Trust

Getting into the boat with Jesus does not mean you trust Him


Sailing (1 of 1)

Jesus had just finished healing the sick and casting out demons. The crowd overwhelmed Him. He needed a break, so He instructed His disciples to crossed on the other side of the lake.

The Bible said, ” Jesus got into the boat and started across the lake with his disciples. Suddenly, a fierce storm struck the lake, with waves breaking into the boat. But Jesus was sleeping.  The disciples went and woke him up, shouting, “Lord, save us! We’re going to drown!”

Jesus responded, “Why are you afraid? You are men little faith!” Then He got up and rebuked the wind and waves, and suddenly there was a great calm.

The disciples were amazed. “Who is this man?” they asked. “Even the winds and waves obey him” (Matthew 8:23-27).

Apparently, the disciples, who had been with Jesus for a long time did not know Him. They had seen Him cast out demons and healed the sick, yet they did not trust Him. Do you?

When do you trust God?


Many people turn to God in times of need, but in times of plenty they do not think God is necessary. For those people God is the last resort. Quite the contrary, Jesus demands that His followers depend on God for everything, including provision and security. Not only when their backs are against a wall but also when things are going good..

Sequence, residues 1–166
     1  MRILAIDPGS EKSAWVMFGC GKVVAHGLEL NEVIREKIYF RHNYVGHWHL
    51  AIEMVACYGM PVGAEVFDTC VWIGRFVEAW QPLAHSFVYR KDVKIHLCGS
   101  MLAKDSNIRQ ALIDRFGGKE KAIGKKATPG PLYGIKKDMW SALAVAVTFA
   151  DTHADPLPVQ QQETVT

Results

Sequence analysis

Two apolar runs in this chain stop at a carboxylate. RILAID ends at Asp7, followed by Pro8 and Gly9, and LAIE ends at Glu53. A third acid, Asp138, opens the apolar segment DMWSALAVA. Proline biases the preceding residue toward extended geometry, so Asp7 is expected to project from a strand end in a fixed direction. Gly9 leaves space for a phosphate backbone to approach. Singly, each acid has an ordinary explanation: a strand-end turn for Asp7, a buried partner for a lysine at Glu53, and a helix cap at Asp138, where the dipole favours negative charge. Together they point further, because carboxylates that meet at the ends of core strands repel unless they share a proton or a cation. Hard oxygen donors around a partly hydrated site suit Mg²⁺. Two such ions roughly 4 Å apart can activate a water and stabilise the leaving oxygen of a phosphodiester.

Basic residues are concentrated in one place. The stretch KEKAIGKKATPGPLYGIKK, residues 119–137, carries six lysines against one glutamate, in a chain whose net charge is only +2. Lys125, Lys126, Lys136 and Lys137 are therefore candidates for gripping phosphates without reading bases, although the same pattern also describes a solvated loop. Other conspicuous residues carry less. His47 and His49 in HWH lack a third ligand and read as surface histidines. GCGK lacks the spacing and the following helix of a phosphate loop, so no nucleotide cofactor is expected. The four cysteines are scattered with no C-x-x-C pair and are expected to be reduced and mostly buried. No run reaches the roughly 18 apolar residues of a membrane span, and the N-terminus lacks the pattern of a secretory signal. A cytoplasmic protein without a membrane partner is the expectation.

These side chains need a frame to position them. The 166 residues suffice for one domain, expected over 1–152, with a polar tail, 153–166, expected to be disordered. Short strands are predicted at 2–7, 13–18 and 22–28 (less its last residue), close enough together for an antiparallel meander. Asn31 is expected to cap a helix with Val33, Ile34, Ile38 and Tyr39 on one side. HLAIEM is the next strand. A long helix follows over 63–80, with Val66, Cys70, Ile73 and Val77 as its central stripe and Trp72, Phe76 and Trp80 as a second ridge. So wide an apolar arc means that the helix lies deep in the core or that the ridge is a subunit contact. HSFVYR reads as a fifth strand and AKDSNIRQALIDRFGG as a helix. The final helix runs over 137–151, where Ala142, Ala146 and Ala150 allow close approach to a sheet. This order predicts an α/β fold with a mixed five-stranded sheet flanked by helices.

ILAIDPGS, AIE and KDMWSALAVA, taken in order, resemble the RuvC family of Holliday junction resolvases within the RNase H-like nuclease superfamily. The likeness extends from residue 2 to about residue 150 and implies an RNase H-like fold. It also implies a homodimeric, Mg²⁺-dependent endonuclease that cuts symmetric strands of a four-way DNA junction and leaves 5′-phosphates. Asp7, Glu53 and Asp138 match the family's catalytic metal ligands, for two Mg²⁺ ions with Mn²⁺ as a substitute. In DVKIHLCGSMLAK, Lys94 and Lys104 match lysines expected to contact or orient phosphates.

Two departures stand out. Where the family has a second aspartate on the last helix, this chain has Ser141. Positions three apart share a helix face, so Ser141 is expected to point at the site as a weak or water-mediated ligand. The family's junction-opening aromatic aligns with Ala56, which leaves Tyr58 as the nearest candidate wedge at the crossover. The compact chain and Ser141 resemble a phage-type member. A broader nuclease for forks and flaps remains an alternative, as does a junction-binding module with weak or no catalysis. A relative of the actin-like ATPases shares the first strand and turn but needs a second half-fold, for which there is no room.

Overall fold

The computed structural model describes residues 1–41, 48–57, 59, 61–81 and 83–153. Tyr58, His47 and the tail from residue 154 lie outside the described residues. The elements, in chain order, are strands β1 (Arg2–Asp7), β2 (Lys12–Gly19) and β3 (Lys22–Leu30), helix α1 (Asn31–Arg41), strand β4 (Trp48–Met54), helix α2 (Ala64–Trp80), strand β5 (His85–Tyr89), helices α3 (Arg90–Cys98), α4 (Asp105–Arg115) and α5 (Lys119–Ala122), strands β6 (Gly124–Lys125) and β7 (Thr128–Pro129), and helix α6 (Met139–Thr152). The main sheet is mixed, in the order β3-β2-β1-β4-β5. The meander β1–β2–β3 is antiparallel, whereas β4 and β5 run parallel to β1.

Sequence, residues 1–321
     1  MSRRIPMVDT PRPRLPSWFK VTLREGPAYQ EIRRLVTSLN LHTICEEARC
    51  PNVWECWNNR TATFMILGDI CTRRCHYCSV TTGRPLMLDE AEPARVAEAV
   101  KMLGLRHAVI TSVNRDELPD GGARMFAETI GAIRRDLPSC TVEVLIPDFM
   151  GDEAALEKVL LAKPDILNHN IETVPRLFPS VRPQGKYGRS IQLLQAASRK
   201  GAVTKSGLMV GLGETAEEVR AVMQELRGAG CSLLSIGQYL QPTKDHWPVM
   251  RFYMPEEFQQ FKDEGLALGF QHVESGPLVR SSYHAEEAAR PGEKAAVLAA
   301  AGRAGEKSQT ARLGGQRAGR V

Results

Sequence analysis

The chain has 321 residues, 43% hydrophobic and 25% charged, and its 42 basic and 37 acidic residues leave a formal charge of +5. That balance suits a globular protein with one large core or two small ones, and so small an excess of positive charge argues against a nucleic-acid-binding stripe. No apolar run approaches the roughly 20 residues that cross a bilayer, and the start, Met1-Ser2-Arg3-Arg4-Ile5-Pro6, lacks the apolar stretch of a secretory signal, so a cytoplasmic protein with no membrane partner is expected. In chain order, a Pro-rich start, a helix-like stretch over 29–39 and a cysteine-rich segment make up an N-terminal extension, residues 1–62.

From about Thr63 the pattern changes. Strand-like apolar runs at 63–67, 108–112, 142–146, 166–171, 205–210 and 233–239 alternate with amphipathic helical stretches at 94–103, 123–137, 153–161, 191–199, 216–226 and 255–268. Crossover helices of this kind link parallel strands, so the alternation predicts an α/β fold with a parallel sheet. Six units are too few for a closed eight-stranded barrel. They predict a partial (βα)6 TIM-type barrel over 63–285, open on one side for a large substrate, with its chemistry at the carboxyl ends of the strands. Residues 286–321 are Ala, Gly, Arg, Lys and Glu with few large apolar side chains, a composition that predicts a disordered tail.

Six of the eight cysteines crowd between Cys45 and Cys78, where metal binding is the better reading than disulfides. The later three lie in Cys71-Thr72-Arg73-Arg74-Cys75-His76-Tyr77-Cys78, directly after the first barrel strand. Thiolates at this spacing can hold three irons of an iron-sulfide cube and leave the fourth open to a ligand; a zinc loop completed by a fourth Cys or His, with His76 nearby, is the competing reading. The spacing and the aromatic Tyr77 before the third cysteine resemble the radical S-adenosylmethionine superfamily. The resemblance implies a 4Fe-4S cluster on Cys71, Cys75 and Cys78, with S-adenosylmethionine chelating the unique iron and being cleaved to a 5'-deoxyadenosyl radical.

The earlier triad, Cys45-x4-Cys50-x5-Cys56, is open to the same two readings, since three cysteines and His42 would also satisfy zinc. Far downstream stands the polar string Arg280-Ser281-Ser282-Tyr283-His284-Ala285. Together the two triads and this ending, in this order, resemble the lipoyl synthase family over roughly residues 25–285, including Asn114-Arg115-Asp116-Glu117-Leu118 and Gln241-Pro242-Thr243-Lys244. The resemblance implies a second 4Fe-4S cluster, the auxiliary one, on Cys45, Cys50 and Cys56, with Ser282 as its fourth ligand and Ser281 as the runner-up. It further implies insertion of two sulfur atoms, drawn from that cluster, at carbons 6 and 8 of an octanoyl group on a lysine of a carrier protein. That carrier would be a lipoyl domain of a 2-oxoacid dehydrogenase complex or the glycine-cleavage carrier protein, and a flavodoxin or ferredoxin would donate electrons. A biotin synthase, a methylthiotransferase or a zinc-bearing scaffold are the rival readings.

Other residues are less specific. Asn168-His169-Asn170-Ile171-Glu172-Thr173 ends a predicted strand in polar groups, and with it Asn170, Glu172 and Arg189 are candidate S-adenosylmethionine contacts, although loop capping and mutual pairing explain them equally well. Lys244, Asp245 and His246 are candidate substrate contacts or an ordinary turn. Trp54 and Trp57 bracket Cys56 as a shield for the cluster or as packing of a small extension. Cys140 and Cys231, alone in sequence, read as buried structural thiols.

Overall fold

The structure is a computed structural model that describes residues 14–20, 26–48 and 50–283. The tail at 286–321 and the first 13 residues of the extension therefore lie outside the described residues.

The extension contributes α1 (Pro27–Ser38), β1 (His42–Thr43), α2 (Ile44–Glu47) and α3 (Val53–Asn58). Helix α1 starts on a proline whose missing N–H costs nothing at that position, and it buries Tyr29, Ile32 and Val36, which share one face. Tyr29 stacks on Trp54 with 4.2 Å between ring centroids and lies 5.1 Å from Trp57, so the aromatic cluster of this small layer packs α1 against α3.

Therefore, one should avoid using God as last resort.The practice is dangerous and seldom bears the desired fruit in a timely manner. If anything, it is akin to a soldier waiting until he or she gets caught in a fire-fight before putting on the armor. Further, God do not work according to man’s timing. The Bible says: “A day is like a thousand years to the Lord, and a thousand years is like a day” (2 Peter 3:8). Therefore, your last-minute request for deliverance may not be forthcoming according to your timing.